Q: When can we use a settlement agreement?

A:   Settlement agreements are often used to resolve workplace disputes, and to give the employer the certainty that once the agreement is signed there will be no subsequent employment tribunal claim from a disgruntled employee.  More often than not, the employment relationship will have broken down. The focus then is usually on avoiding unfair dismissal and discrimination claims. A whole raft of statutory employment rights and breach of contract claims can also be compromised.

There does not necessarily need to be a dispute as settlement agreements can be used in a variety of other circumstances where the employment will end.  For example, where there are performance or ill health issues, a voluntary exit or a restructure.

Settlement agreements are not however always about the employment relationship ending, as they can be used at any time during the employment relationship to resolve workplace disputes. For example, if there has been a complaint about how holiday pay has been calculated.

We would recommend that where a settlement agreement is being contemplated, legal advice is taken before any discussions take place with the employee so that any legal risks are identified and then can be properly managed.

Q: What are the benefits of using a settlement agreement?

A:  A settlement agreement allows an employer to manage legal, commercial and reputational risks all in one go in the knowledge that there will be no tribunal claim.  Significant management time, stress and expense can be saved.

Terms can also be agreed on issues that a tribunal would be unable to address. For example, the offer of a positive reference; or the introduction of post termination restrictions, where the existing contract is silent on the employee’s activities once they have left.

Settlement can also keep a dispute out of the public eye and be subject to strict confidentiality provisions.

These benefits need to be balanced with the fact the employee will want something in return, no matter how at fault they may be. Money is usually the main consideration but the circumstances may dictate an entirely different exit package.  There are also restrictions on an employer’s ability to compromise personal injury and accrued pension rights claims.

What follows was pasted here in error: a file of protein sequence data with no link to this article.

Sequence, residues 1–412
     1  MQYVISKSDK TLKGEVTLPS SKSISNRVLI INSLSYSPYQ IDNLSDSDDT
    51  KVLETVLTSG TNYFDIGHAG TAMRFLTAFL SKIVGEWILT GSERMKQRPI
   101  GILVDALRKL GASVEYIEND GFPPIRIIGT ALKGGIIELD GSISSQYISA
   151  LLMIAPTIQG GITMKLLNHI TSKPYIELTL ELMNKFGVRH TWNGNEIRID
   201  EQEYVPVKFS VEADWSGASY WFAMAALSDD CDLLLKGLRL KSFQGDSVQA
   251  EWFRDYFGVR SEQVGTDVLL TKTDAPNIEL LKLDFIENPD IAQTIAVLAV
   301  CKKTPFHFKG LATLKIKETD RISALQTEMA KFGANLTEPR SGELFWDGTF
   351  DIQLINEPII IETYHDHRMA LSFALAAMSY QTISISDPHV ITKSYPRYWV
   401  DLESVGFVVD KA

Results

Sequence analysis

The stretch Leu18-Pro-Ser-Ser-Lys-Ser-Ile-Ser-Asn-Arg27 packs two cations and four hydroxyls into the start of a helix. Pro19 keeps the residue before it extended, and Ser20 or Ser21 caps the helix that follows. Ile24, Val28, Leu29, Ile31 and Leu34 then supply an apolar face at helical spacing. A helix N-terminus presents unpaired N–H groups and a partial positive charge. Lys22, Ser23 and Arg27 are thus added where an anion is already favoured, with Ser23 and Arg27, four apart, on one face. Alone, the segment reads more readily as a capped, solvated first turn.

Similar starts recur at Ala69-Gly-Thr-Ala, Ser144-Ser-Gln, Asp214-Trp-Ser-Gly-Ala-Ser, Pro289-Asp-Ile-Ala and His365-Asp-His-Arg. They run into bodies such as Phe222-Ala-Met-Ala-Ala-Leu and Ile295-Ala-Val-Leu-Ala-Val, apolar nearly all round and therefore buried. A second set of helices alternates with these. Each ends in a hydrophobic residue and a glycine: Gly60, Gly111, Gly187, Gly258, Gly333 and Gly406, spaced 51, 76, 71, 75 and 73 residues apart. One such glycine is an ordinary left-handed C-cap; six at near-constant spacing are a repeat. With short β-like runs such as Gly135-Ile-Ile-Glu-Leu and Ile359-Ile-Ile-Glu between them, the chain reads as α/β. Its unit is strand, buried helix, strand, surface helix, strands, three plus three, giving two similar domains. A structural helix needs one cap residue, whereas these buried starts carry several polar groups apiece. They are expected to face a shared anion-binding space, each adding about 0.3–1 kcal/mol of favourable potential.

Q: Are there any essential requirements which need to be complied with to make the deal binding?

A: The following are essential to ensure that the employee is not able to bring an employment tribunal claim:

  • The settlement agreement must:
    - be in writing;
    - identify the complaints to be compromised; and
    - state that it satisfies certain legal requirements.
  • The employee must also have received independent legal advice.

A poorly drafted agreement or one which has been incorrectly signed may leave the door open for an employee to bring a tribunal claim, even if they have already been paid a sum of money.

Q: How long should we give an employee to consider a settlement agreement?

A: An employee should generally have at least 10 days to consider the settlement agreement and obtain legal advice. A shorter period could lead to allegations of undue pressure, permitting reference to the settlement offer in a subsequent tribunal claim, if settlement is not reached.

If there is a commercial imperative requiring a shorter period, legal advice should be taken.

Q: Do we have to pay for the employee’s legal advice?

A: An employer is not obliged to pay the employee’s legal costs.  To get the job done, an employer will often choose to make a contribution.  A good starting point is £250 plus VAT. The following factors may demand a higher contribution: locality, seniority of the employee and the complexity of the case.

Q: Can we recycle a settlement agreement used in the past for a different employee?

A: We would caution against recycling for two reasons: